A bill that would require doctors to check their patients' drug histories before writing narcotic prescriptions was derailed Tuesday by a House committee chairman, but sponsors expressed hope they could keep the issue alive. The bill, requested by Gov.
Around the Nation
4:18 am
Wed April 9, 2014

Calif. Medical Center Offers Cure To Indigenous Language Barrier

Originally published on Mon April 28, 2014 9:17 pm

Transcript

DAVID GREENE, HOST:

Salinas, California is known as the Salad Bowl of the World. Nearly a third of the world's lettuce is grown there. Many of the areas agriculture workers are from Mexico. They speak, not just Spanish, but also indigenous languages, like Triqui, Mixtec and Zapotec. For hospitals having interpreters is essential but many of them speak just Spanish. There's one medical center trying to accommodate the indigenous languages. Their approach could be useful elsewhere in the country.

Krista Almanzan from member station KAZU reports.

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Shots - Health News
2:33 am
Wed April 9, 2014

Lessons Learned For 2015 From This Year's Obamacare Sign-Ups

Maritza Martinez worked with an insurance agent at a kiosk in a Miami mall to find the right health insurance plan for 2014.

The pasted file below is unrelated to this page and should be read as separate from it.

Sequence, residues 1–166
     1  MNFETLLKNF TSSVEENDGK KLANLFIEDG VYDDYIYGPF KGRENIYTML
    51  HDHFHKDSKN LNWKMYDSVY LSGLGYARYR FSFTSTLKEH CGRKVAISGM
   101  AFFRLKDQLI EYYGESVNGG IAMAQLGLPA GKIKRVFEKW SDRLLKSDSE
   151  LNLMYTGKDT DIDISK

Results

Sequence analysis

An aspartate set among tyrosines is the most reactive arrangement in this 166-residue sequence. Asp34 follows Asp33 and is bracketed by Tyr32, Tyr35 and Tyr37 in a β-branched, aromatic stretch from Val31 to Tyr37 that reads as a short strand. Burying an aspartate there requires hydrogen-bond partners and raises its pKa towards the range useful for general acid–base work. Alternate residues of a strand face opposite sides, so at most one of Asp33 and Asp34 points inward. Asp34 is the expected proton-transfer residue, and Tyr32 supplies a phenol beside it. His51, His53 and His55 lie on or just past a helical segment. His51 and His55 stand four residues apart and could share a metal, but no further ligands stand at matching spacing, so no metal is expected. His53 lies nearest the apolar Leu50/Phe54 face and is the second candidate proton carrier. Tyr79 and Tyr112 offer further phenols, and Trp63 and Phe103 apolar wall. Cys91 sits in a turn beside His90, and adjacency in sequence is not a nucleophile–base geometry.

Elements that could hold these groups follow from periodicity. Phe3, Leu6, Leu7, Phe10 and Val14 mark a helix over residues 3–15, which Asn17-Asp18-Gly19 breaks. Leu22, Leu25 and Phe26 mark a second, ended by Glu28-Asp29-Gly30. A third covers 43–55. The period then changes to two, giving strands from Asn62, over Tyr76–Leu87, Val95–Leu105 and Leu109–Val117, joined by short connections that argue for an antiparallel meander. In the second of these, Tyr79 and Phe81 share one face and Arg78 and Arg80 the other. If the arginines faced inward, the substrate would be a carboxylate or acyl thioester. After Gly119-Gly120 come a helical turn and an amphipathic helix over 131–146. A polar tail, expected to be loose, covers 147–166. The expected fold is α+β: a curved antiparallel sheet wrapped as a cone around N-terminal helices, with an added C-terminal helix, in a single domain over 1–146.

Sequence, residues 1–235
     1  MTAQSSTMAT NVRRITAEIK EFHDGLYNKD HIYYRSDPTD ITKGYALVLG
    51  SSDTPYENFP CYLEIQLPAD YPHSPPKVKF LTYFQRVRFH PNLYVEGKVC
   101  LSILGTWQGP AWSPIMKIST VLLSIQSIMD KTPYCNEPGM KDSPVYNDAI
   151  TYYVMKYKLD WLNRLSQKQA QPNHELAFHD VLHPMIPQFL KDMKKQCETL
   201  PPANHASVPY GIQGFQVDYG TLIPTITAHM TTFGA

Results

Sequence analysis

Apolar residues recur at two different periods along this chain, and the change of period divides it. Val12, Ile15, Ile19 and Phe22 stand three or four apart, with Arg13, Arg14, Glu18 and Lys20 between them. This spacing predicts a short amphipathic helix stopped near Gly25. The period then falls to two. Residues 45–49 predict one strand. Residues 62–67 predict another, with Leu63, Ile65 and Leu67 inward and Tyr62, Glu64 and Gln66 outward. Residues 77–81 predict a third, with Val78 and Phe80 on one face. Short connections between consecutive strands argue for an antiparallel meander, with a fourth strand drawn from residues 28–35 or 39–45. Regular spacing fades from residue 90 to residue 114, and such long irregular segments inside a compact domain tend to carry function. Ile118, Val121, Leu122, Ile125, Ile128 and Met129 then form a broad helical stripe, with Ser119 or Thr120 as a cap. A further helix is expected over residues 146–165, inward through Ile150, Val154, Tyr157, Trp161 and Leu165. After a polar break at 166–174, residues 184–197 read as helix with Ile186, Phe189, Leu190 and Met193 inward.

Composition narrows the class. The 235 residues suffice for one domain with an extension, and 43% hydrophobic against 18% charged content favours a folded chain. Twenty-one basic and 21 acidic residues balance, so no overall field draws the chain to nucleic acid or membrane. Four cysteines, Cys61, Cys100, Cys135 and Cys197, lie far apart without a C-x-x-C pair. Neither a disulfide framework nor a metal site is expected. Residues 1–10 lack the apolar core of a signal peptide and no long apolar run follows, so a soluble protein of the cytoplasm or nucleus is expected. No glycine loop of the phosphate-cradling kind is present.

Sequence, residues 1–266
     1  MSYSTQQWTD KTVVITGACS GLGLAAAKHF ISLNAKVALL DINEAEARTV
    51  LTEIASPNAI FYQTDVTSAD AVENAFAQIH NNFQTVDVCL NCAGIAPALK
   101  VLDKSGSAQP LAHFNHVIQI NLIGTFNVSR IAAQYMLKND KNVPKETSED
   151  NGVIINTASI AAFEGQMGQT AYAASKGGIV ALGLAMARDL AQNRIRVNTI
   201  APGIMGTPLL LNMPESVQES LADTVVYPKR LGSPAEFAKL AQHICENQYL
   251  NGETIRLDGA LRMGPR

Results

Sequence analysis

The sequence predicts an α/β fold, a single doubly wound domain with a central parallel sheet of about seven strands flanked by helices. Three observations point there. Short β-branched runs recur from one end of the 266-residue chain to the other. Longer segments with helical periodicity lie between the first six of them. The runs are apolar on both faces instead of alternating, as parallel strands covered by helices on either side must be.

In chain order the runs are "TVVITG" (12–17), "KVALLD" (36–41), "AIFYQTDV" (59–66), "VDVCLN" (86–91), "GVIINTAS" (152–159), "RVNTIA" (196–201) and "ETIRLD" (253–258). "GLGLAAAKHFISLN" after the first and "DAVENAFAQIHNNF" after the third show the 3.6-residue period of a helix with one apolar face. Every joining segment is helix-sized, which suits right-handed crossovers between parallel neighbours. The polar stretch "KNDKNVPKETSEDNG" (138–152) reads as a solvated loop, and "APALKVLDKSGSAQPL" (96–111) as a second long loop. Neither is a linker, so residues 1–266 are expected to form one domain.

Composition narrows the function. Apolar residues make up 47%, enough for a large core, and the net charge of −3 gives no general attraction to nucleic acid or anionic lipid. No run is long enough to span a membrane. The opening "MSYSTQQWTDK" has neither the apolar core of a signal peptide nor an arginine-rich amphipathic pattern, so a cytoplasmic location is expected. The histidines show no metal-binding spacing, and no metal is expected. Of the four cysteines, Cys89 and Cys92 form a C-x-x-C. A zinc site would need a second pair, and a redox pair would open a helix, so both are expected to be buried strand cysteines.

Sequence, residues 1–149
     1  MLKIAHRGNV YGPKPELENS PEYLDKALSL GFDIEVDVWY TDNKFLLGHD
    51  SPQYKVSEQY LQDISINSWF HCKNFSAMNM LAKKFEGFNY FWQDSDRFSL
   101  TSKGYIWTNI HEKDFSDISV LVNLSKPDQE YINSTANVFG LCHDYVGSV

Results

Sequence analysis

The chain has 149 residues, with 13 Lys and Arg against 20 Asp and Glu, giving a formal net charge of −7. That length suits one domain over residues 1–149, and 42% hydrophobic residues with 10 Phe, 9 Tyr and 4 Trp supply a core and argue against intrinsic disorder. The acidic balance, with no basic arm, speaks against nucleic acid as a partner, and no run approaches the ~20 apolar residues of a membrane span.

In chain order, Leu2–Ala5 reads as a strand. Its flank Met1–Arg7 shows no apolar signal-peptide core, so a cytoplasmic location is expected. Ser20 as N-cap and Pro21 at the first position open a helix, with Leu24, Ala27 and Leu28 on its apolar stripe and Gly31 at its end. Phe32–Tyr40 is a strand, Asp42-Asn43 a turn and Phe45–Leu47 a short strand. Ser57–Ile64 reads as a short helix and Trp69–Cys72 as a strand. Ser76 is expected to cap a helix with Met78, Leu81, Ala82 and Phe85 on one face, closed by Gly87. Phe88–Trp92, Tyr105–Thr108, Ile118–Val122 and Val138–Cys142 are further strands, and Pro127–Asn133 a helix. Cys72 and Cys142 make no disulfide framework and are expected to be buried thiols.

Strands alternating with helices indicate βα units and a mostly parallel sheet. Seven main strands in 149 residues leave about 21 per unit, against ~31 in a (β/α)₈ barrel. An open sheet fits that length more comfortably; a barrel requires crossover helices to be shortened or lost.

Joe Raedle Getty Images

Originally published on Wed April 9, 2014 10:32 am

President Obama was thrilled last week when he was able to announce that more than 7 million people have signed up for insurance under the Affordable Care Act.

"This law is doing what it's supposed to do," the president said in the Rose Garden. "It's working."

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Shots - Health News
4:22 pm
Tue April 8, 2014

The Forgotten Childhood: Why Early Memories Fade

Francis Csedrik remembers details of being bonked hard on the head when he was 4, and having to go to the emergency room.
Meg Vogel NPR

Originally published on Wed April 9, 2014 5:13 am

Francis Csedrik, who is 8 and lives in Washington, D.C., remembers a lot of events from when he was 4 or just a bit younger. There was the time he fell "headfirst on a marble floor" and got a concussion, the day someone stole the family car ("my dad had to chase it down the block"), or the morning he found a black bat (the furry kind) in the house.

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Shots - Health News